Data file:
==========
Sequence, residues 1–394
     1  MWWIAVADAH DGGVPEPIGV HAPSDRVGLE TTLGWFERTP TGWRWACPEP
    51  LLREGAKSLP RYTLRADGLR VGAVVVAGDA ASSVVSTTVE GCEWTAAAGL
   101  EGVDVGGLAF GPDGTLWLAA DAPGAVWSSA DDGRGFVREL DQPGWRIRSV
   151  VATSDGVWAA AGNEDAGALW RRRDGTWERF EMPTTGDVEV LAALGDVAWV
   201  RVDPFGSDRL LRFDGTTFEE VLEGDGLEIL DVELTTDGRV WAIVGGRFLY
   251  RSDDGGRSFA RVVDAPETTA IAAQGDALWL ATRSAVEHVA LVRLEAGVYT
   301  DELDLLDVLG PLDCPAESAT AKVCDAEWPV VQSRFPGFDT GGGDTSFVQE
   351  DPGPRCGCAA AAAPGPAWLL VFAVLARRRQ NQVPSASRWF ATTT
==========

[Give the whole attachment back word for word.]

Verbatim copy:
Sequence, residues 1–394
     1  MWWIAVADAH DGGVPEPIGV HAPSDRVGLE TTLGWFERTP TGWRWACPEP
    51  LLREGAKSLP RYTLRADGLR VGAVVVAGDA ASSVVSTTVE GCEWTAAAGL
   101  EGVDVGGLAF GPDGTLWLAA DAPGAVWSSA DDGRGFVREL DQPGWRIRSV
   151  VATSDGVWAA AGNEDAGALW RRRDGTWERF EMPTTGDVEV LAALGDVAWV
   201  RVDPFGSDRL LRFDGTTFEE VLEGDGLEIL DVELTTDGRV WAIVGGRFLY
   251  RSDDGGRSFA RVVDAPETTA IAAQGDALWL ATRSAVEHVA LVRLEAGVYT
   301  DELDLLDVLG PLDCPAESAT AKVCDAEWPV VQSRFPGFDT GGGDTSFVQE
   351  DPGPRCGCAA AAAPGPAWLL VFAVLARRRQ NQVPSASRWF ATTT